Scapholunate dissociation

Scapholunate dissociation is the most common carpal instability. Scapholunate instability is associated with increased scaphoid flexion and pronation with associated lunate extension. The abnormal kinematics lead to a decrease in surface area contact at the radioscaphoid joint. This abnormal articulation causes an increased concentration of load, leading to the development of degenerative arthritis. Watson and coworkers described the typical pattern of wrist arthritis related to scapholunate instability, which has been termed scapholunate advanced collapse SLAC wrist. The goals of the surgical reconstructions for a scapholunate dissociation are to relieve the symptoms associated with the instability, maintain motion, and prevent the development of degenerative arthritis.

Acute Scapholunate dissociation

Acute static scapholunate dissociation, which may occur as an isolated entity or as a late sequela of a perilunate dislocation, results from injury to the scapholunate interosseous and palmar radioscaphoid ligaments. Depending on the extent of ligamentous injury, there is either diffuse tenderness of the carpus or point tenderness over the scapholunate interval.


Dorsal extrinsic ligaments Volar Extrinsic ligaments Intrinsic ligaments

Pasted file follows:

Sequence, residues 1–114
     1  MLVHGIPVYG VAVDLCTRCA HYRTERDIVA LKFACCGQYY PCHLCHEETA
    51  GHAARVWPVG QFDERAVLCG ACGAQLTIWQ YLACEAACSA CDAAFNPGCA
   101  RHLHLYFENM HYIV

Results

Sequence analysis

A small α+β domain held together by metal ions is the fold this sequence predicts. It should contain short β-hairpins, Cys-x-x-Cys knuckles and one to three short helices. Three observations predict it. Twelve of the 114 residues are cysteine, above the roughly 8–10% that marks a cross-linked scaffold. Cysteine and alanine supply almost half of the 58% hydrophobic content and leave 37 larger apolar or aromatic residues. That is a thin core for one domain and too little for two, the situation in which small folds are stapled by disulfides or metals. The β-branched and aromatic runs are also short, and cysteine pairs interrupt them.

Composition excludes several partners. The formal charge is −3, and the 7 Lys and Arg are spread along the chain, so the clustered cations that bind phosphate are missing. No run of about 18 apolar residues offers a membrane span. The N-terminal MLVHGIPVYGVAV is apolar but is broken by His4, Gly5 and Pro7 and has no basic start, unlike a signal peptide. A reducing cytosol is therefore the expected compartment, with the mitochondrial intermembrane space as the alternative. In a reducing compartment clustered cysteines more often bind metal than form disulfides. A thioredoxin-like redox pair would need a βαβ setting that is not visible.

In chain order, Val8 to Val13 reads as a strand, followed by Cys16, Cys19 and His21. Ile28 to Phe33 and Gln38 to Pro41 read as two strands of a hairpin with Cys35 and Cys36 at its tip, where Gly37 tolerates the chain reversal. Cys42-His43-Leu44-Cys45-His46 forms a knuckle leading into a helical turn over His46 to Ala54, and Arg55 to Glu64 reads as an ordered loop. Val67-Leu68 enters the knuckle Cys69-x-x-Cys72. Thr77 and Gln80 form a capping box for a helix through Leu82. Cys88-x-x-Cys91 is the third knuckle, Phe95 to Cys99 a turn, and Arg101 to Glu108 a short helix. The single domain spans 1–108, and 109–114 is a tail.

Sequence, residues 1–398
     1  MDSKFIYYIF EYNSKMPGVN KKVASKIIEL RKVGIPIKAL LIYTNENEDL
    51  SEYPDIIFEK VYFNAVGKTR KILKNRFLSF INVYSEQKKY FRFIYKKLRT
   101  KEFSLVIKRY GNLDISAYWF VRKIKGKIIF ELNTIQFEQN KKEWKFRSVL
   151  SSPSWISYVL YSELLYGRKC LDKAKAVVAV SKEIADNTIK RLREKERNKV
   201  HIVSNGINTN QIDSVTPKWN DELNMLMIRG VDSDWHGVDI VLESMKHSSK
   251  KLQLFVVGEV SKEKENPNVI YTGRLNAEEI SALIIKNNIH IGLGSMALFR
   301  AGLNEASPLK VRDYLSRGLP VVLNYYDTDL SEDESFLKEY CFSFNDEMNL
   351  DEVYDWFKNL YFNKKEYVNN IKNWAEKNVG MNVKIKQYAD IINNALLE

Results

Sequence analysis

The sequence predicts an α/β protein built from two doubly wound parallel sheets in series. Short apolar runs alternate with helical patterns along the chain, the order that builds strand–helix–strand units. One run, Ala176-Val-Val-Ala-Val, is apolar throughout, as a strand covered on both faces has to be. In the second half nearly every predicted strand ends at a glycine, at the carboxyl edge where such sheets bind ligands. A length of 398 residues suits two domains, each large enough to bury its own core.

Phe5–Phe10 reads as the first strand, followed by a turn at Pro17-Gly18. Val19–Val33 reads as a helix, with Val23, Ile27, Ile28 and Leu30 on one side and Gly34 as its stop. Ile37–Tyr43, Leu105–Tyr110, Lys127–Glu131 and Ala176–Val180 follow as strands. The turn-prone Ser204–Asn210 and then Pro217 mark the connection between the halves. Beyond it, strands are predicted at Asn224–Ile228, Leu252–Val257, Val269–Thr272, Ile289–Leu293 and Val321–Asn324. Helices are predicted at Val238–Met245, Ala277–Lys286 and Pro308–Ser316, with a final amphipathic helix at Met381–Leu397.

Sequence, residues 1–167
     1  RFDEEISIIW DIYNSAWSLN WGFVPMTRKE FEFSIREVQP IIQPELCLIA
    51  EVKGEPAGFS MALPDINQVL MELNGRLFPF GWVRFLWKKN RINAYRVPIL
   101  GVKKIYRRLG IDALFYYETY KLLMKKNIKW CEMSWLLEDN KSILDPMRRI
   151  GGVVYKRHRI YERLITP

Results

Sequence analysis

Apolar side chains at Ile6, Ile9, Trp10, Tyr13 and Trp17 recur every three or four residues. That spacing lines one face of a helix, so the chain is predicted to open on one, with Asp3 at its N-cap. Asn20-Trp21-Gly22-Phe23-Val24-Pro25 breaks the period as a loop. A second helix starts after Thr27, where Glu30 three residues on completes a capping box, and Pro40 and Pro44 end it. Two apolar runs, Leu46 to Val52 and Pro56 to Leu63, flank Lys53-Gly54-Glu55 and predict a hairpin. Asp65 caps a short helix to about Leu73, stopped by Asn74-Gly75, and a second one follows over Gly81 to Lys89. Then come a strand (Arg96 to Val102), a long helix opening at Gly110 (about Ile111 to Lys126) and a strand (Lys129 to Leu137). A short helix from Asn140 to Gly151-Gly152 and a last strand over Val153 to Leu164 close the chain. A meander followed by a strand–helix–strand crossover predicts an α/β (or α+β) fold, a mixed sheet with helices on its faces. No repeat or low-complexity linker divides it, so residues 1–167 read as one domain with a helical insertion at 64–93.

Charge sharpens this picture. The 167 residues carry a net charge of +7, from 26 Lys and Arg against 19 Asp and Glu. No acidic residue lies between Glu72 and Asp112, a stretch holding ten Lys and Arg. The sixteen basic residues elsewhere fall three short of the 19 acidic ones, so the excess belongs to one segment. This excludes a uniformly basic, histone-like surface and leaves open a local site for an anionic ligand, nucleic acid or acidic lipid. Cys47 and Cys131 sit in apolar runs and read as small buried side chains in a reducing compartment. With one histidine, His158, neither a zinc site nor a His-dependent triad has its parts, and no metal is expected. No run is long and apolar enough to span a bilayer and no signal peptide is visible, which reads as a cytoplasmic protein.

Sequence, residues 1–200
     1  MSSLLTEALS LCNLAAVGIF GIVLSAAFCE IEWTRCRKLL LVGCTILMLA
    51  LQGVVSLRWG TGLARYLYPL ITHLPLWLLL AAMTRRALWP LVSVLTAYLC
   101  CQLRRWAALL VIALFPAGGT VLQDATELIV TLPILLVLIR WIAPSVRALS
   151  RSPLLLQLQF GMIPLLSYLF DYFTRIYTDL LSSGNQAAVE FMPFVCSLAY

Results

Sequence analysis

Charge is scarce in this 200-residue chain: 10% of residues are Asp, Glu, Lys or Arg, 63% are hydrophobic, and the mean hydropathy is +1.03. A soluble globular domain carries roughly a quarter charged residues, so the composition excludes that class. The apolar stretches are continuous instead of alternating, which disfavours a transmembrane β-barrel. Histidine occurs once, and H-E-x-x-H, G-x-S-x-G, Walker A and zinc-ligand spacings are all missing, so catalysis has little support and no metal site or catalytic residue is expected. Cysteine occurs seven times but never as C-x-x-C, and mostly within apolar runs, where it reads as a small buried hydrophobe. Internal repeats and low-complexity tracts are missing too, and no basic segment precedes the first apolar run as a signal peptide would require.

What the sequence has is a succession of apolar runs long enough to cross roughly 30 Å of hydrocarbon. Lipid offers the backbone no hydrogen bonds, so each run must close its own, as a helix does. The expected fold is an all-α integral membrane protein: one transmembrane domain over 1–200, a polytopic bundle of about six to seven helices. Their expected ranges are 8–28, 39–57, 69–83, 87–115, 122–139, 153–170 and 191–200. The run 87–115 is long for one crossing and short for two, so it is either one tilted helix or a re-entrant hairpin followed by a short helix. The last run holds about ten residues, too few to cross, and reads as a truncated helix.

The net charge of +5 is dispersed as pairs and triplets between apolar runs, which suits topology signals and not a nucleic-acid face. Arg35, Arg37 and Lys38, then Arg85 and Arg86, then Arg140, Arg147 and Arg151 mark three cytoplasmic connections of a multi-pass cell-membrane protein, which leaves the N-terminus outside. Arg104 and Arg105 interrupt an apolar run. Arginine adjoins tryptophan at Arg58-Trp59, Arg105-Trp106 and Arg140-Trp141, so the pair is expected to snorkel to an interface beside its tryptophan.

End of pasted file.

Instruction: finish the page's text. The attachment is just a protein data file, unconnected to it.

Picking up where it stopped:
Which specific ligaments must be injured to cause a scapholunate dissociation is controversial. Several studies have shown that disruption of the scapholunate interosseous ligament changes carpal motion. According to Mayfield, a partial injury of the anterior aspect of the scapholunate interosseous ligament could result in scapholunate instability. Ruby et al. consider the posterior aspect of the scapholunate interosseous ligament as the important mechanical component. Berger et al., on the other hand, suggested that there were no alterations in scaphoid motion with scapholunate interosseous ligament sectioning. Others have proposed that the palmar scaphotrapezoid ligament prevents rotatory subluxation of the scaphoid . Taleisnik noted that the radioscapholunate and radioscaphocapitate ligaments prevent the instability. More recently, Berger and Landsmeer have shown that the radioscapholunate ligament plays less of a role in stabilizing the wrist; its significance may be related to the vascular and neural structures that lie within the ligament. This controversy, as well as the technical difficulties in ligament repair and reconstruction, has led to the numerous procedures described for the treatment of this carpal instability.